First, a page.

Wednesday, May 16, 2018
They Really Seems To Be Dragging Their Feet On Getting This Going!
This appeared last week:
10 May 2018 — 6:05pm
Health authorities have no timeline for the introduction of a real-time prescription monitoring service to stop doctor shopping in NSW, an inquest into opiate deaths has heard.
NSW Chief Pharmacist, Dr Judith Mackson, told Deputy State Coroner Harriet Grahame that, despite government commitments to rolling out the service, the potentially lifesaving system was still far from being realised.
The Health Council of the Council of Australian Governments last month determined that a national model for real-time prescription monitoring would be created, with states feeding the data from their own systems into a federal one.
The inquest, being held at the NSW Coroners Court in Glebe, is examining paths to regulatory change against the backdrop of six fatal opiate-related overdoses in 2016.
Three of the victims had consumed fentanyl, a synthetic opioid 100 times stronger than morphine, and typically restricted to palliative care.
Real-time prescription monitoring gives doctors and pharmacists a history of all Schedule 8 drugs, such as fentanyl, methadone and oxycodone, prescribed to a particular patient to prevent them doctor shopping and to help patients receive timely intervention and referrals.
Tasmania is the only state with real-time prescription monitoring, with the Victorian government working to introduce its own this year.
But Dr Mackson said NSW would wait for the federal government before it implemented its system, citing logistical difficulties in the state forging ahead by itself.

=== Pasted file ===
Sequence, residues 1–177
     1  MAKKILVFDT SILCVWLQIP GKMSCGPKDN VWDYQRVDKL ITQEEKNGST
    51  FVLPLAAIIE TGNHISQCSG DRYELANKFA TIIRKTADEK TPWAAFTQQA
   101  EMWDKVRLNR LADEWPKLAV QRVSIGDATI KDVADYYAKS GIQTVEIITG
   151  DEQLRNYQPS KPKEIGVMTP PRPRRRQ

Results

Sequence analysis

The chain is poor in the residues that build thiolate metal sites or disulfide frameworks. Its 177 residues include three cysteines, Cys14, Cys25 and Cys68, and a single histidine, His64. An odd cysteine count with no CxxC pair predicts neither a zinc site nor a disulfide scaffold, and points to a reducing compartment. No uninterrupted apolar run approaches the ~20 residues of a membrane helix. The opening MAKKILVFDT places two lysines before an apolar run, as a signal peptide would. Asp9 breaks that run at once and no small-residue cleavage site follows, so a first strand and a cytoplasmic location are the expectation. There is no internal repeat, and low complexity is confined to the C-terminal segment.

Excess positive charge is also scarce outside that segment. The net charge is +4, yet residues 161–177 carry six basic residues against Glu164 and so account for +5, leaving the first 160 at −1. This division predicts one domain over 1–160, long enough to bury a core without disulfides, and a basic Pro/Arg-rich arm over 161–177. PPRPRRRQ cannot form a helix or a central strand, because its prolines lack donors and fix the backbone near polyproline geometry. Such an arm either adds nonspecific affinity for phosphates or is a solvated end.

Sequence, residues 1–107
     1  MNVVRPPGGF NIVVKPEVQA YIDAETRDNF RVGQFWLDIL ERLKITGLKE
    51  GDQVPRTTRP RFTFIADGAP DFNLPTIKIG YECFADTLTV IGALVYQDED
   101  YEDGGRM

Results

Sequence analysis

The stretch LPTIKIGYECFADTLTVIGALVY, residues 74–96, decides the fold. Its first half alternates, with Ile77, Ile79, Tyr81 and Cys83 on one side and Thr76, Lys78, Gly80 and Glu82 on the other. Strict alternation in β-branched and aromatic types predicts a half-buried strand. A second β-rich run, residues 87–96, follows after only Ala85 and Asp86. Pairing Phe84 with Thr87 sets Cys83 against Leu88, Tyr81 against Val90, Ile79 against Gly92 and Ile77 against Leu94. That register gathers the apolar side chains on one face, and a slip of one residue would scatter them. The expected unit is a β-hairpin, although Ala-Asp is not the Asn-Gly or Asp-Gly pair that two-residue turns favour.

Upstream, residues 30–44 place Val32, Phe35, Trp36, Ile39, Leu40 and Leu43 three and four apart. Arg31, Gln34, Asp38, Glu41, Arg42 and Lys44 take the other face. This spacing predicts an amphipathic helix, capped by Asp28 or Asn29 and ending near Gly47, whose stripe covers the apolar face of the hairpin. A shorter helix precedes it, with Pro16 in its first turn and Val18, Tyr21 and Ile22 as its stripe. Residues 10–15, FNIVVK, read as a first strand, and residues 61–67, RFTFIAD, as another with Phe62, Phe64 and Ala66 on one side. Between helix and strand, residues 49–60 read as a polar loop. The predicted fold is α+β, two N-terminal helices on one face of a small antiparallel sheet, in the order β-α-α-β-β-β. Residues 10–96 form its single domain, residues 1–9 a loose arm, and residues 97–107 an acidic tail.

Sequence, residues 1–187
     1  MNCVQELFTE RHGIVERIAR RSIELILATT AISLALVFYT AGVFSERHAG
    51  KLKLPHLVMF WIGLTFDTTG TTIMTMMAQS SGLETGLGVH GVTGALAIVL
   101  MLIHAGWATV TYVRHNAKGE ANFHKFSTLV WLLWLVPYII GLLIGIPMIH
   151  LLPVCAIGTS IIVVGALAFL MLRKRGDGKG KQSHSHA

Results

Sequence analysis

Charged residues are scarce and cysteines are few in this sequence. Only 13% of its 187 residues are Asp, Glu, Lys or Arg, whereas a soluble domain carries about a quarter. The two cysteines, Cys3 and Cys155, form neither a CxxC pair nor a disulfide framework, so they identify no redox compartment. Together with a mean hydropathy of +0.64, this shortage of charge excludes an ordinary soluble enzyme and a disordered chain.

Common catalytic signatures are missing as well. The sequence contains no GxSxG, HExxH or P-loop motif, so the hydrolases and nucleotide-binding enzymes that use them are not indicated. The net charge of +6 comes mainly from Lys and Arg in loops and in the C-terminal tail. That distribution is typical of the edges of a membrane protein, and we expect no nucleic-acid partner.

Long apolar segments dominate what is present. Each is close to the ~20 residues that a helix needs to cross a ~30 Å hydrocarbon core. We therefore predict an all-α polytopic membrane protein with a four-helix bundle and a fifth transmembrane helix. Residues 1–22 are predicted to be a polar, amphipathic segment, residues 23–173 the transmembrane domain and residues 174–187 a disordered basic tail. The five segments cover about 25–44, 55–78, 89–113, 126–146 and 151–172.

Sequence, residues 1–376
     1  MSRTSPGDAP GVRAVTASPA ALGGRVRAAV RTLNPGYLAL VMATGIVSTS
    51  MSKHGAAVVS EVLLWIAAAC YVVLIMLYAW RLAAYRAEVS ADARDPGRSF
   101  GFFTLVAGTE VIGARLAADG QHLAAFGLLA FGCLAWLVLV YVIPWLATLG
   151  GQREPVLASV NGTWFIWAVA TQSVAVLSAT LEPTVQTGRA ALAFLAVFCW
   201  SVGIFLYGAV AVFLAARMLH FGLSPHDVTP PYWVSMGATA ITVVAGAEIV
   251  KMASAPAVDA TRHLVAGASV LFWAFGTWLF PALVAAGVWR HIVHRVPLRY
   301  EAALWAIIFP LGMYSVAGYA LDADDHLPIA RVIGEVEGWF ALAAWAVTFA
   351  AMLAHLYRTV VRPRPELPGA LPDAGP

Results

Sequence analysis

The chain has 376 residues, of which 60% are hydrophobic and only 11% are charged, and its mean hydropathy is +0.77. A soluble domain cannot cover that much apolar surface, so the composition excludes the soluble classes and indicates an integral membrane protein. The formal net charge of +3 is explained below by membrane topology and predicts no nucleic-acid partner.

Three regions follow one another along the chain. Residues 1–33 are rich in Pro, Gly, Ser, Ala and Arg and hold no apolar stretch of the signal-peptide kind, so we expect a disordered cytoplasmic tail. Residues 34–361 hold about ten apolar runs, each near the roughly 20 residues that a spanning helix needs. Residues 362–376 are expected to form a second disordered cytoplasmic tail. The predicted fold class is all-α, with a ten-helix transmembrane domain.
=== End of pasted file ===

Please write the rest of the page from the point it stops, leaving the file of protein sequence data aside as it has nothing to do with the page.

The court heard one predicted complication was patients crossing state borders to access prescribed medication without scrutiny.
In her written statement tendered to the court, Dr Mackson said the system required the building of a national data exchange, as well as a significant upgrade to the software that would be used to connect doctors, pharmacists and NSW Health.
“A timetable for implementation has not been developed, and the costs to NSW to implement real-time prescription monitoring have not been determined,” Dr Mackson said in the statement.
In September 2016, the health department introduced ERRCD (Electronic Recording and Reporting of Controlled Drugs) software, which processes authorisations for prescribe-controlled drugs, but would need major upgrades to support real-time monitoring.
This really is descending into farce with finger pointing and so on. I wonder where the strong national leadership on this from the ADHA is, or is this not their role.
Posted by Dr David G More MB PhD at Wednesday, May 16, 2018